- By Julia Holter - RVNG Intl.
LA-based composer, multi-instrumentalist and performer Julia Holter drew critical attention in 2010 with the release of her mostly ambient, full-length debut Tragedy. It didn't prepare anyone for her new release, Ekstasis, meant to be a companion piece (home recorded roughly in the same period as Tragedy), contrasting vastly from its predecessor, exhibiting a pop sensibility and accessibility.
Holter is a graduate of CalArts, where avant-garde composers/musicians such as Vinny Giola and Wadada Leo Smith are longtime faculty members and "Experimental Sound Practices" is a music department section. She uses spare instrumentation and employs "lo-fi" electronics as she creates a complex structure of interweaving vocals lines. Drawing influences from wide sources, including Asian Pacific pop, Robert Wyatt, Ornette Coleman, Deerhoof and ‘80s Vangelis soundtracks, Holter creates wholly unique aural arrangements, placing her among exemplar experimentalist contemporaries such as Julianna Barwick and Juana Molina.
Holter's aesthetic, in a sense, shadows Phil Spector's "Wall-of-Sound," where individual instruments are indiscernible -- all blending to create a singular symphonic sound. Holter's version of this method is ingenious (and probably based on limited funds); she keeps the instrumentation spare while building the vocals as rhythmic, as well as a melodic, instrument.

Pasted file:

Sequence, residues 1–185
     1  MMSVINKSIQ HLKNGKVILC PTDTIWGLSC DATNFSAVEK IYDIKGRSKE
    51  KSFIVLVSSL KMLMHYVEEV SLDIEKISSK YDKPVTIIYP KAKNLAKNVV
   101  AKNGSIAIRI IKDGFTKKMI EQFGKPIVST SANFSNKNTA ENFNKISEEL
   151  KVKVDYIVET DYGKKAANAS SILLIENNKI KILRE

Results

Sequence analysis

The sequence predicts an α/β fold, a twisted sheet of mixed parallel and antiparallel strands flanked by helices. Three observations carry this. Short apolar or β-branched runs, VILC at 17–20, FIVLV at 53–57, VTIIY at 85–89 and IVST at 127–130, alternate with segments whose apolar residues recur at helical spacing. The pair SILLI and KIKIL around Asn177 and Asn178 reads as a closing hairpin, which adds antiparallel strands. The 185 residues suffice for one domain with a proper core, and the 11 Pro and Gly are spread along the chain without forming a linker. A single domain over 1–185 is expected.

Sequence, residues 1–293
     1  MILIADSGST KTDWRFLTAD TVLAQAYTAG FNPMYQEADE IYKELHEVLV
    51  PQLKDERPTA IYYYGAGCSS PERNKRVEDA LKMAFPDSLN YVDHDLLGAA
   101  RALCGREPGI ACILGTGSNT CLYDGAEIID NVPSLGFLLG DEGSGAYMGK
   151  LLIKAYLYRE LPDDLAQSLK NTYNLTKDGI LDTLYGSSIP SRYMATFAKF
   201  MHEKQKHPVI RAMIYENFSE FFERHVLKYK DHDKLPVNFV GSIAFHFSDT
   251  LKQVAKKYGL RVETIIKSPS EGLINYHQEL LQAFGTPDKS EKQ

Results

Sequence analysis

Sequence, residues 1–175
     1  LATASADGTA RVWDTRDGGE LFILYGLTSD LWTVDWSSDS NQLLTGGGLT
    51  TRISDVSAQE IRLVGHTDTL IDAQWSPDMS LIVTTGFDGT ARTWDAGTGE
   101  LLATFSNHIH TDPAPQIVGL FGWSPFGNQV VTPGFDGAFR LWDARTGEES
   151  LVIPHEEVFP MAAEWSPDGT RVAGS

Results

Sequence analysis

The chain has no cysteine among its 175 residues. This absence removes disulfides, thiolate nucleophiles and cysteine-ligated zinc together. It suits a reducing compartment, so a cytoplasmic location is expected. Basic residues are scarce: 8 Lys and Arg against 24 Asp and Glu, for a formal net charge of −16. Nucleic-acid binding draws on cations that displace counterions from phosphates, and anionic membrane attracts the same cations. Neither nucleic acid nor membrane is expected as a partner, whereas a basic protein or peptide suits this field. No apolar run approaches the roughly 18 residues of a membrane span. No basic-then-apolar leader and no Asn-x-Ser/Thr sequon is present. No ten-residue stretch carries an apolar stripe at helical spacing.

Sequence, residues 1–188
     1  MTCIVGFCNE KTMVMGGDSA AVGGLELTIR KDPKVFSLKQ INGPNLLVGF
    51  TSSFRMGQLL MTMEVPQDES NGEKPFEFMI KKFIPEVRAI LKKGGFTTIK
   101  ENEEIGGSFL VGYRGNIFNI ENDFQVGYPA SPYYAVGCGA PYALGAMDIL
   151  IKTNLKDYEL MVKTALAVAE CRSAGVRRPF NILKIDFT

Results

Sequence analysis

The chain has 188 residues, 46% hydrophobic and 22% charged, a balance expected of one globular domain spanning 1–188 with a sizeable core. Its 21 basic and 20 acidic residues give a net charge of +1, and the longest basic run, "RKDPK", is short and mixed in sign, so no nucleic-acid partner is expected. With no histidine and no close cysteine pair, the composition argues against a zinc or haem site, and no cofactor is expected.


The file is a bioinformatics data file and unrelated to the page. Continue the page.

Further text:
Ekstasis brims with a sense of being outside of oneself and of fun play. Its opener, "Marienbad," delivers floating dual vocals (and a dual set of treated and intertwined lyrics) over a synthesized harp and organ riff. As it builds with added percussion, the composition evolves into a march with all of the "parts" falling into place, contributing to an intricate whole.
Holter leans toward melodies that once flooded Asian Pacific pop, especially in the ‘70s and ‘80s, employing them in "Our Sorrows" and "Four Gardens." What sets her music apart from simply emulating this style is a deconstruction: sounds are broken, cut-up and rearranged. Holter does so in a fluid fashion that sounds startlingly as if it was a lost track from the Blade Runner soundtrack. As with many of Holter's compositions, the sound is otherworldly, linking sounds of the past with futuristic ones.
As opposed to Tragedy, which was entirely performed by Holter, Ekstasis includes contributions by a handful of musicians who add organic elements, allowing for an oddly organic feeling to the entire album. Though she employs lyrics, the words are not necessarily used to incite meaning; rather, it's the collective sound that seems more important. As opposed to vocalists such as Björk, tUnE-yArDs' Merrill Garbus or Kate Bush (especially Bush's '82 release, The Dreaming), Holter's vocal power doesn't draw from a theatrical or dramatic base -- it doesn't draw attention to itself. Instead, it sublimates itself into a larger work, evoking surprise and humor, with a distinct combination of intelligence, innovation and craft.